Los centralismos mexicanos, 1835-1846
Ciudad de México: Colegio de México, Centro de Estudios Historicos, El Colegio de Michoacán, 2021. First Edition. Paperback. 648p., maps, facsimiles, tables, bibl., indices, wrps. New. Item #76492
"Los Centralismos Mexicanos, 1835-1846" aims to understand a period in the history of Mexico that has been scorned and synthesized as "that of instability" or, as Lucas Alamán described it, "of the revolutions of Santa Anna", although it is more complicated.
The establishment of the centralist republic in Mexico, in 1836, was actually the urgent attempt to solve the failure of federalism of 1824, the second experiment that sought to find an adequate constitutional formula to constitute the new state after the failure of the Empire. Federalism had been established with optimism, but the states, determined to prevent Mexico City from continuing to dominate as during the Viceroyalty, took the main taxes from the federal government, leaving only some special taxes and the product of customs, which became a weak government.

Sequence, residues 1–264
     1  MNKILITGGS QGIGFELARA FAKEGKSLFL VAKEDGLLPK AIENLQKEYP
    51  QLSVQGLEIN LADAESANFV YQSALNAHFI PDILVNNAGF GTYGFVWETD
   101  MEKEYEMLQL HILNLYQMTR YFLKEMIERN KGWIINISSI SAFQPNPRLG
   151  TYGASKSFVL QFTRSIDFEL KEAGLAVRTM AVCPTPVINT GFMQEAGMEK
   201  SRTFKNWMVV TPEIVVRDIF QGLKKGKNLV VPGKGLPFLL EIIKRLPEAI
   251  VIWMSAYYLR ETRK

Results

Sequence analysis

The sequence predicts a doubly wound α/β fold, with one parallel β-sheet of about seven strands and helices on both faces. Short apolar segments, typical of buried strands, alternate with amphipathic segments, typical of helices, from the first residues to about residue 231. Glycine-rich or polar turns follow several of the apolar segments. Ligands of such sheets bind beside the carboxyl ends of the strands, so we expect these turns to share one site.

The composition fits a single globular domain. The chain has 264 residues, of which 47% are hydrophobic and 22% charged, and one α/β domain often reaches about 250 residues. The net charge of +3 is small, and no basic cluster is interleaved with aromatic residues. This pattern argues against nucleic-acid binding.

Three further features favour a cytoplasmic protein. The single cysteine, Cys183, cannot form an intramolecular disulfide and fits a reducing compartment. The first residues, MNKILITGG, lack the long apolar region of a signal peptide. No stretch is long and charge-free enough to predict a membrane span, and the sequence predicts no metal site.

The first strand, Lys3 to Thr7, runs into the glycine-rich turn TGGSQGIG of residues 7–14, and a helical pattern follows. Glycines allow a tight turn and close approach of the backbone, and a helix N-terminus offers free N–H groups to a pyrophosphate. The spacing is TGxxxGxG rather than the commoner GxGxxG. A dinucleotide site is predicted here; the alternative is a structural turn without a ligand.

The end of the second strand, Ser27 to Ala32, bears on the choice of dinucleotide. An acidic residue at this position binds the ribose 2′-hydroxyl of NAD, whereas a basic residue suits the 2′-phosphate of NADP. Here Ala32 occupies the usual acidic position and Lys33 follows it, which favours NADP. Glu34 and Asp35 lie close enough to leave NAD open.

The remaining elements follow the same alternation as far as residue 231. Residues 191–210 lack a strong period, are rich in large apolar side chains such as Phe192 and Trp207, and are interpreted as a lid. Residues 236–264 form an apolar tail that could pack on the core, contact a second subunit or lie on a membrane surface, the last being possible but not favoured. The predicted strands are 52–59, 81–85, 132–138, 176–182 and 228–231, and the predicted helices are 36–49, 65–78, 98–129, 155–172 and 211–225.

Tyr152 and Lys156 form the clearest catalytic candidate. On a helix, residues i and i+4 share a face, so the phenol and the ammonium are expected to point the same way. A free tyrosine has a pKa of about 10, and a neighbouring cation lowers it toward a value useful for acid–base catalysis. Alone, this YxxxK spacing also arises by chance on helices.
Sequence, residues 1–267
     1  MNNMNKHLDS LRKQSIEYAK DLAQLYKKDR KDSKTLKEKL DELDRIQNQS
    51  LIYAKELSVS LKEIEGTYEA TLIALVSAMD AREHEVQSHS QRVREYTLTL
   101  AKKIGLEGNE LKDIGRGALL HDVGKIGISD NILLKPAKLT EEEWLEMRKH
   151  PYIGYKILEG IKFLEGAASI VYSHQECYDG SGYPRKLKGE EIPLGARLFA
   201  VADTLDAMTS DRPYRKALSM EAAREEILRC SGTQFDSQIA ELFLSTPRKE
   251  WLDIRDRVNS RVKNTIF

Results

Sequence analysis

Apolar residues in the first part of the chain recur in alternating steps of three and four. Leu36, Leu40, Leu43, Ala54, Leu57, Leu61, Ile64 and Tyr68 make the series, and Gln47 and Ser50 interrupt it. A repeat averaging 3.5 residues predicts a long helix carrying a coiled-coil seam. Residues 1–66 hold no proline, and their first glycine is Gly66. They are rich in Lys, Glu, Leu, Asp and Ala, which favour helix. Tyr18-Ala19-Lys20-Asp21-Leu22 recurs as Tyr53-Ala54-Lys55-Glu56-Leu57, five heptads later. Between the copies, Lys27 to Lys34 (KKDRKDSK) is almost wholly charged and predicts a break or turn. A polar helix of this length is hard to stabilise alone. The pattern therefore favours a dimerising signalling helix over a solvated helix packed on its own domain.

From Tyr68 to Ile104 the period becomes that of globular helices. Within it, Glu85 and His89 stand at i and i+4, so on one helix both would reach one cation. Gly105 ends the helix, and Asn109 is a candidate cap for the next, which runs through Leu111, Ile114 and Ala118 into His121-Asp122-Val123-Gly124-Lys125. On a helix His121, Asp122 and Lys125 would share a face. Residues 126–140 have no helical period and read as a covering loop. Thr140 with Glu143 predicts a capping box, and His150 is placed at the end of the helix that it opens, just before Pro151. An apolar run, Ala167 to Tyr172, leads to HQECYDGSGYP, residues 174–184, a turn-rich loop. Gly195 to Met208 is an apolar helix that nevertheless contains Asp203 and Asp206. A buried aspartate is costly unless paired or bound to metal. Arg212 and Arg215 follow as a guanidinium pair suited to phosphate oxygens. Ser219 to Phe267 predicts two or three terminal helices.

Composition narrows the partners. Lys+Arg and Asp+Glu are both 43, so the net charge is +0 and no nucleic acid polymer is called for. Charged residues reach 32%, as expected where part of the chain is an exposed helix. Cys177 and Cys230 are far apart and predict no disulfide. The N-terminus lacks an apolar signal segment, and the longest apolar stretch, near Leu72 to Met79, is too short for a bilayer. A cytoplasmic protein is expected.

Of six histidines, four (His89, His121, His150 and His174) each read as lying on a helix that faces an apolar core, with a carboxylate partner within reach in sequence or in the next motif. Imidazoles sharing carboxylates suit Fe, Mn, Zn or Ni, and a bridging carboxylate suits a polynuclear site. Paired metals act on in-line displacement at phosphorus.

It is a simplistic error to consider centralism as conservative, promoted by the Army and the Church, when all the evidence tells us that these corporations were not monolithic and suffered from political class divisions. The centralist republics were centralist liberals , favored by European liberalism. The 1836 Constitution established that the national government would administer all the country's income directly, but it maintained citizen representation, although it limited it to a census vote, restricted to those who paid taxes, and maintained the division of powers. He established the fourth estate, the "Conservative," to monitor the performance of the other three.